The week in which America lays to rest one of its former presidents, republican heavyweight George W. Bush Snr, also sees one of the most fundamentally volatile and opportunity-filled week all year in the markets. Tuesday saw global indices rocked by a cocktail of events, leading to a 3.5% slide in the likes of the DOW, DAX, FTSE to name a few.

The creation of this cocktail would include, Brexit, US/China trade war, OPEC Oil price uncertainty, and also anticipated US Non-Farm jobs numbers this Friday. As far as traction Brexit has stolen the limelight ahead of the other mentioned events. With a vote expected next Tuesday on whether Theresa May’s proposal will be pushed through parliament. Whispers, rather screams seem to suggest this may be rejected, and a potential no-confidence vote, putting her future in jeopardy.

This uncertainty has set the tone for markets so far this week, now the question being posed is how will this mature in the coming days?  With US markets closed on Wednesday, the open on Thursday could be interesting to witness. Below we analyze some of the markets which may be heavily affected.


Cable has again started trading on its long-term floor of $1.27, with markets essentially closing near open price so far this week, creating doji’s which are known by technical traders to signify huge uncertainty. Volumes see this pair neither oversold nor bought and MA of 10/25 day positioned from the next swing. The catalyst could be a better jobs day than the 199K expected this Friday? Or further UK parliamentary unrest in the days leading to the vote on the PM’s Brexit deal.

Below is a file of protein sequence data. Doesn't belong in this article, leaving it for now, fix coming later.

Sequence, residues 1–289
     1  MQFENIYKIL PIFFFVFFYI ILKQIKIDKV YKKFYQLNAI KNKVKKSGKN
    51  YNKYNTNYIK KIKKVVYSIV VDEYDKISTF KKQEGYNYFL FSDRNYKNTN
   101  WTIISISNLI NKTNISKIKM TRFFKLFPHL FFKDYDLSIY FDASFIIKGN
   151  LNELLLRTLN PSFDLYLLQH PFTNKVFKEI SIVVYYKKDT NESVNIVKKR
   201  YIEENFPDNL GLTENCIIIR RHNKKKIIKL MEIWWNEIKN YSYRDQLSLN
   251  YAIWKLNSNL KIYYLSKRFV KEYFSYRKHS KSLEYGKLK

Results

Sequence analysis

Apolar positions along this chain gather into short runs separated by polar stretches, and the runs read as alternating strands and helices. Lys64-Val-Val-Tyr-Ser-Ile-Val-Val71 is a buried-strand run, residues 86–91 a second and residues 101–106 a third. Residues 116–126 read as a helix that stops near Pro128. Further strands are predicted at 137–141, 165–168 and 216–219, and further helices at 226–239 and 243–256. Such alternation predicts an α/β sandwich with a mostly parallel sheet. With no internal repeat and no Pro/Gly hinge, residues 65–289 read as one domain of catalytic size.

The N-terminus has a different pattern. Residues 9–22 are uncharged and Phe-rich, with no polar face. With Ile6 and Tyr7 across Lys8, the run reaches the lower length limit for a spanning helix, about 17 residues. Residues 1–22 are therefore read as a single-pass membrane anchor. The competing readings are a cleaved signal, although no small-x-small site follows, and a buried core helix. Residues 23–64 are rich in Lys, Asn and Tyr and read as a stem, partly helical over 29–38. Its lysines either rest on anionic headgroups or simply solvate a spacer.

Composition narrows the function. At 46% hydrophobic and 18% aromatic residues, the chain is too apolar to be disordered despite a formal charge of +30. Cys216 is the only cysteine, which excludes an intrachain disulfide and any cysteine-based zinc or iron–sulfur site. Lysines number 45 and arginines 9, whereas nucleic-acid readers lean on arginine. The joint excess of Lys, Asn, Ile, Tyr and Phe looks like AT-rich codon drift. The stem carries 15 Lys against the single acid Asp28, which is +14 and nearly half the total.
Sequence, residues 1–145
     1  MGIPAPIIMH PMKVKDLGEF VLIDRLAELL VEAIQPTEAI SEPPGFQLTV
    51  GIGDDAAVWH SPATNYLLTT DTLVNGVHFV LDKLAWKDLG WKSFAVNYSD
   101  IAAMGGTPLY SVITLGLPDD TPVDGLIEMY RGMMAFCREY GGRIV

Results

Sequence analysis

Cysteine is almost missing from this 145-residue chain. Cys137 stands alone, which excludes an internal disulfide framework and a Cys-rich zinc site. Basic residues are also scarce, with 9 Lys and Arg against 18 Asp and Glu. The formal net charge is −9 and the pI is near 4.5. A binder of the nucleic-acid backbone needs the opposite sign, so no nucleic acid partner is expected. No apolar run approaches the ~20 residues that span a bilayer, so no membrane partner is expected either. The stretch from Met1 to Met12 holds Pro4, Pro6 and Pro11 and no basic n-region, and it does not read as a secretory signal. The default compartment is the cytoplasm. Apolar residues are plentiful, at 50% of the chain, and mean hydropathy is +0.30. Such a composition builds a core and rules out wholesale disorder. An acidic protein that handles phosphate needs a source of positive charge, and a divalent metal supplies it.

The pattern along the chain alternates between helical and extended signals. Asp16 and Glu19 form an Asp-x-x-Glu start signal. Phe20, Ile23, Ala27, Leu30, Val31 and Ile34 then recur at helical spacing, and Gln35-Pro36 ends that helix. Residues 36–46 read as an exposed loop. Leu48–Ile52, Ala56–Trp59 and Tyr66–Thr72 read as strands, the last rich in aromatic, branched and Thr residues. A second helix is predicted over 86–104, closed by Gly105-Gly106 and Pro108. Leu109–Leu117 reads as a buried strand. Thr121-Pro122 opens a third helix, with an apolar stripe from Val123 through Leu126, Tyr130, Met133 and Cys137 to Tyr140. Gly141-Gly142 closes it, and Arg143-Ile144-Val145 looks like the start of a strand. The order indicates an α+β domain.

With markets in perceived turmoil, XAUUD activated it’s safe haven umbrella, with many running to the metal for shelter from the current rains of uncertainty. On the approach of the 300-day resistance of $1,239, markets retraced slightly, after the US sell-off became to waiver. However the question here is come Thursday open, will this resistance continue to hold, or will we see buying volumes from shelter seekers overwhelm this ceiling and finally break?


After the biggest sell-off since 2014 where markets saw the initial decline in Oil price, the recent bear run found a perceived floor at $49 per barrel. Trump, one of the antagonists of the re-emergence of increasing prices, happy to see the decline unfold. This along with the unrest within OPEC’s supply targets and whether this should be above or below 1m barrels a day have seen markets resist further declines until more certainty is gained from this coming Thursday’s meeting of the cartel.

A lot of questions left unanswered heading to the tail-end of this week, however with key events due to unravel imminently, markets hope the shedding of light can bring some stability as we head into the winter break.

Eliman Dambell

Senior Market Analyst

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